When we use clear command or Ctrl+L in terminal, it clears terminal but we can still scroll back to view the last used commands. Is there a way to completely clear the terminal?

  • It's terminal dependent, and none of the answers address that. Commented Oct 19, 2016 at 1:11

11 Answers 11


You can use tput reset.

Besides reset and tput reset you can use following shell script.

echo -e \\033c

This sends control characters Esc-C to the console which resets the terminal.

Google Keywords: Linux Console Control Sequences

man console_codes says:

The sequence ESC c causes a terminal reset, which is what you want if the screen is all garbled. The oft-advised "echo ^V^O" will only make G0 current, but there is no guarantee that G0 points at table a). In some distributions there is a program reset(1) that just does "echo ^[c". If your terminfo entry for the console is correct (and has an entry rs1=\Ec), then "tput reset" will also work.

  • 1
    What's the difference between reset and tput reset?
    – Toothrot
    Commented Oct 18, 2016 at 12:19
  • tput reset is faster than reset in Ubuntu 16.04, at least Commented Feb 13, 2017 at 11:22
  • 5
    -1, you can still see the buffer if you scroll up Commented Jun 18, 2017 at 10:31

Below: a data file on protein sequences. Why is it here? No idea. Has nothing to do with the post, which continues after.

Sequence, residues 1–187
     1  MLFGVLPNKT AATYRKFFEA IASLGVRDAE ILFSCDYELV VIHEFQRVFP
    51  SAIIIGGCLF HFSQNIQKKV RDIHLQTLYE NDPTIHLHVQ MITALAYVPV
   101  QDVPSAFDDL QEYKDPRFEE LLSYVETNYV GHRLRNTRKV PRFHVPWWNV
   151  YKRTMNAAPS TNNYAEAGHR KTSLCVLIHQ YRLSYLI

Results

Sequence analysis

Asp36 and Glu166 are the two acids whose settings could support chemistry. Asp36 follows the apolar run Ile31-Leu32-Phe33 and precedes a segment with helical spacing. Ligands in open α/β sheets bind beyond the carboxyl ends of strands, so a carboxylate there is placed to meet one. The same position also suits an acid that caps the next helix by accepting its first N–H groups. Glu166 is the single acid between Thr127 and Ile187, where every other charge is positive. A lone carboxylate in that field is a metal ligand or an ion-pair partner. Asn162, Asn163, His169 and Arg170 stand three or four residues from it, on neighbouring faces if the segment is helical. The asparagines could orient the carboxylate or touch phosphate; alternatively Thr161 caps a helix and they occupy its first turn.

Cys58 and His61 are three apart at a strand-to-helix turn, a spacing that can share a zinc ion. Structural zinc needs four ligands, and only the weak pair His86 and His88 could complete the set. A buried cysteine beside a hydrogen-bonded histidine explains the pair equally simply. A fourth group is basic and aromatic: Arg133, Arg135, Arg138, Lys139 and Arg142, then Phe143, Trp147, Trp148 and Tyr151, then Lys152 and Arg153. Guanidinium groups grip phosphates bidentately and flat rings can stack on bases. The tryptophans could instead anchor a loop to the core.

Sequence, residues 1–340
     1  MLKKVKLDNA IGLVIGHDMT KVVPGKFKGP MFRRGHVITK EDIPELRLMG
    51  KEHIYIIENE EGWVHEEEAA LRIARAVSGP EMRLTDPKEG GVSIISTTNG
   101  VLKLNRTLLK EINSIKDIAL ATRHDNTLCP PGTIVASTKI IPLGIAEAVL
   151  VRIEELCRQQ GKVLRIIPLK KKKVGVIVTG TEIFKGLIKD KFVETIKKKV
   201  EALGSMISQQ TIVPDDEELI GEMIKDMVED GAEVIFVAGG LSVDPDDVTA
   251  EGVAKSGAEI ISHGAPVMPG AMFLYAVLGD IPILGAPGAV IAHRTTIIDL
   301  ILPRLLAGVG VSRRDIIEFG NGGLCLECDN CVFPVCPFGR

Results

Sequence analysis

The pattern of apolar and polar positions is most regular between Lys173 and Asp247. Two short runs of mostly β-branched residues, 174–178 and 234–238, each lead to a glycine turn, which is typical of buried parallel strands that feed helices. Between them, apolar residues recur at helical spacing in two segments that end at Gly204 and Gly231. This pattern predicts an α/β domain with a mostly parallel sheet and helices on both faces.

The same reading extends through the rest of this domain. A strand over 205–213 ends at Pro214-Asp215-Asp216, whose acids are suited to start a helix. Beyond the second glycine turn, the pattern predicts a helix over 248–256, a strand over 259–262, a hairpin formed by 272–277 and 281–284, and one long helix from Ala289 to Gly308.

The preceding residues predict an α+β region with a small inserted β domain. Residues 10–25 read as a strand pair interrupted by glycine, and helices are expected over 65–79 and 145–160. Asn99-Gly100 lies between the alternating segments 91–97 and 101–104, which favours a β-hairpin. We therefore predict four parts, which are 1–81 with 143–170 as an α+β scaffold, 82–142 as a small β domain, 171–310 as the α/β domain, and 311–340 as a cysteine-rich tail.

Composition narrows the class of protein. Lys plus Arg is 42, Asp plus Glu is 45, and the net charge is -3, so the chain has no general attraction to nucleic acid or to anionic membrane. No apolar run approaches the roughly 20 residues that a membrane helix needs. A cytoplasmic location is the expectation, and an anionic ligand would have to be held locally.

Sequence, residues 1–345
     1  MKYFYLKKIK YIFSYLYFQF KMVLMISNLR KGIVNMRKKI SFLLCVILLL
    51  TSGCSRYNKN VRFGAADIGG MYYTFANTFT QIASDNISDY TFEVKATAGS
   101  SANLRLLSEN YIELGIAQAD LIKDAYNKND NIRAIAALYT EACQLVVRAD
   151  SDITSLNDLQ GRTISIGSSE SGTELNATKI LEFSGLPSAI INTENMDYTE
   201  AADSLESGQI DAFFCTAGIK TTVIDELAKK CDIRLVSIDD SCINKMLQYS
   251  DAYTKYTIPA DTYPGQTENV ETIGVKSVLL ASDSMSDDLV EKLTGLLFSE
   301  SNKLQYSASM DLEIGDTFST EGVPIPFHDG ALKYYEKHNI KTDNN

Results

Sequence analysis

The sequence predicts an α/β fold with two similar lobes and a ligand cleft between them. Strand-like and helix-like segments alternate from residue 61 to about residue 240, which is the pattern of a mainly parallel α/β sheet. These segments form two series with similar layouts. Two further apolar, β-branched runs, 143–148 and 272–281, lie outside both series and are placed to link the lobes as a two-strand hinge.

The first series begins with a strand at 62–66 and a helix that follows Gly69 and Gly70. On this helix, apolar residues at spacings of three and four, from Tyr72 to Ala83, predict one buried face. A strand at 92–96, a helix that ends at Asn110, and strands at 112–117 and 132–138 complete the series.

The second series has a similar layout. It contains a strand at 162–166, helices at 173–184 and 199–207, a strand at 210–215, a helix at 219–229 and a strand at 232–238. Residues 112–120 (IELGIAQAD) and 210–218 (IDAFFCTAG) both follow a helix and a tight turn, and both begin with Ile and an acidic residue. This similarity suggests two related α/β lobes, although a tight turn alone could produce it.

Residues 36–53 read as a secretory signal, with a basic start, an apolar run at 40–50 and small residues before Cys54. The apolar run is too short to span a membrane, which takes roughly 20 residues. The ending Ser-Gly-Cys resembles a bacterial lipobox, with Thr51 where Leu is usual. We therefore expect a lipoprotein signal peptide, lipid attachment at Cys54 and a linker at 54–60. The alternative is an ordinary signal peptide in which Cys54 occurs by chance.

• Gnome Terminal ver 3.44.0 reset does indeed clear the scroll-back as well as the screen.
    – Kingsley
    Commented Mar 27 at 3:14

You can use the reset command, that will reset the terminal settings.


I know you're on a gnome terminal, but I thought I'd answer with a tip for others who might be (like me) on a Mac:

If you're using Terminal.app or iTerm.app then Control+L will scroll up so the terminal looks blank, but Cmd+K will actually reset the terminal / clear scroll-back.

Or, if you're able to set keyboard preferences for your terminal you may be able to assign something like Ctrl+K to input echo -e \\033c as was mentioned above.


Anthon's answer works in KDE Konsole, but not urxvt. In urxvt, I've been using reset for a few years to clear the scrollback (along with all the other things it does), and wasn't satisfied that it didn't work in Konsole. So now for Linux I have a new alias:

alias allclear='clear; echo -e "\033c\e[3J"'

But it doesn't work on OS X.

tput reset doesn't work in any context AFAICT.

In KDE Konsole, ctrl-shift-k clears the scrollback (including the current shell prompt, so it's completely empty). In iTerm or Apple's terminal on OS X, cmd-shift-k also clears scrollback. To add this feature to urxvt, add this to ~/.Xresources:

urxvt*keysym.C-S-K: command:\033c
  • 1
    This answer is the answer that anybody using Linux Bash will love if they are expecting the same result as they would receive on a Mac by pressing command + K. I went ahead and turned this into a standalone command by adding the following function to the bottom of /etc/bash.bashrc (then log out of server, log back in and it will work via the command allclear): allclear(){ ` echo "Clearing terminal and scrollback..."` ` sleep 1.5` ` clear; echo -e "\033c\e[3J"` } ` Edit: Can't get formatting to work. If anybody is able to edit this so it is readable, I would appreciate it.